Wolves in sheep's clothing

On "This Time," the members of Los Lobos traded their berets and goatees for guitar wail and pop hooks.

Published August 3, 1999 4:00PM (EDT)

Sometime toward the end of their set last May at the New Orleans Jazz and Heritage Festival, Los Lobos traded the experimental, trippy touches of "Kiko" and "Colossal Head" for a small guitar army and the sonic assault of pure rawk. Up under the lights, Cesar Rosas and David Hidalgo swapped six-string leads on "That Train Don't Stop Here," taking the song into a raucous full-on jam, then, on the next tune, moved from scorched-earth crunch to buzzing distortion and white noise. The sun-baked Jazz Fest revelers -- who were passing joints and inhaling gator pie -- screamed in approval.

The experience was a lot like listening to "This Time," Los Lobos' 10th record, a return to the rockier roots of a band born 26 years ago on the Chicano party circuit in East Los Angeles. Unlike several recent side projects, including albums by Hidalgo's experimental Latin Playboys, "This Time" represents a thrilling return to feel-good bar-band glory

"'This Time' reminds me more of the records pre-'Kiko,' more like 'How Will the Wolf Survive?'" says saxophonist-keyboardist Steve Berlin, talking over the phone from a studio in Austin, Texas. "The songs are, I won't say, straighter. But we employed more pop devices. We didn't have our berets and goatees on so much."

Like the rest of the band, Berlin took his own side-project detour, winning a Grammy for producing the debut by Los Super Seven, a Tejano/Texas-country project featuring a cast of music veterans including Rosas, Hidalgo, Doug Sahm, Freddy Fender, Joe Ely, Rick Trevino, Flaco Jimenez and Ruben Ramos. Berlin believes that it's that side-project experience that allowed Los Lobos to put down some more outri work and return to their roots. "It didn't have to be quite so experimental for it to work," he says. "It doesn't sound like 'N Sync or anything. It's not like we took a giant leap. It's just really straightforward in a way that we haven't necessarily been recently. It's just there."

The title cut, one of eight songs co-written by Hidalgo and drummer Louie Perez, teases with background growls and scratches, a distant backbeat and a melodic bass line. It evolves into a snaking R&B groove with Hidalgo singing words of regret over the top of the mix: "Why do the days go by so fast/If only time was built to last/If it could learn to take it slow/Then maybe time at last would know." "Viking" is all heavy guitars, with wordless chain-gang vocals contrasting against the hard, grinding metal. And "High Places" thrives on a ripping blues-rock riff and self-mocking lyrics about stardom.

That stardom has been fleeting for Los Lobos. The band is adored by critics and followed tenaciously by fans, but they don't receive a lot of airplay these days. They were, however, a hot commercial commodity for a season. A dozen years ago, the quintet contributed a version of "La Bamba" to the soundtrack of the Ritchie Valens biopic of the same name. The single and the album rocketed to the top of the charts in 25 or so countries. The band became a household name and, predictably, longtime fans accused the group of selling out.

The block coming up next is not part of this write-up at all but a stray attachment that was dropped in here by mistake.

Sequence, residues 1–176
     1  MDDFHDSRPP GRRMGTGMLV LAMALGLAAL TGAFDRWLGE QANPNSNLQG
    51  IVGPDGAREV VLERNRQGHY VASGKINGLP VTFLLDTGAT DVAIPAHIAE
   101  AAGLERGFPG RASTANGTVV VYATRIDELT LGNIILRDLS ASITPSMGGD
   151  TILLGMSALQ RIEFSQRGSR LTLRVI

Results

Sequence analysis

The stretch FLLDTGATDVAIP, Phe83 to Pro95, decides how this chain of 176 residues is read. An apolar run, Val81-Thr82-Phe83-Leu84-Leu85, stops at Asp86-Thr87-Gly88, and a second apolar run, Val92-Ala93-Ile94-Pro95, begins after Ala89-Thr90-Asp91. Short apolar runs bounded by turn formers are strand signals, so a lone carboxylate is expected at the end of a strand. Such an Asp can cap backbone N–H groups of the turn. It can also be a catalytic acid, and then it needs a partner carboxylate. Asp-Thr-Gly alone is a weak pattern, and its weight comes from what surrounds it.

To some extent, the overnight success was more than a decade in the making. At the very beginning, Los Lobos was a group of Mexican-Americans mixing folk tunes, Chicano R&B and blistering rock 'n' roll into one savory tamale. Not everyone understood the musical miscegenation: The restaurant owners and music promoters who were willing to have them play never really knew what to make of the band. To lay it all out, Rosas titled the group's 1978 debut "Los Lobos Del Este Los Angeles (Just Another Band From East L.A.)."

The title of that EP, all these years later, remains a lie spiked with the truth. Los Lobos are really not just another band. They're something more: dedicated lifers, chronic experimenters, beatified live players. They've gloriously survived changing tastes and musical fads with their lineup intact (Berlin joined in 1984), and their fan base keeps expanding while other L.A. outfits of the period have disintegrated or morphed beyond recognition.

The group, to its credit, has continued to synthesize the multicultural sounds of the old neighborhood into a potent antidote to generic pop. "This Time," for instance, features traditional rhythms played by guest percussionist Alex Acuna on songs like "Corazon" and "Cumbia Raza." And the band infuses the swampy "Some Say Some Do" with a social conscience. Prefab bubble gum and anglicized Latin pop may come and go, but Los Lobos keep howling.

"It just happened that way," Berlin says of the band's durability. "To a certain extent, it has to do with the fact that we've tried not to stand in one place very long. We've tried to change and grow and make interesting records all down the line. We've been extremely lucky that we've had an audience that's followed us down all these weird little paths we've taken.

"I always said that we're easily bored. Like a bunch of third-graders, basically, our attention wanders. It's hopeless. More than anything, to keep ourselves from drifting off we have to constantly search for new stuff or wacky stuff. I think it's served us well."

By Philip Booth

Philip Booth is a freelance writer in Tampa, Fla.

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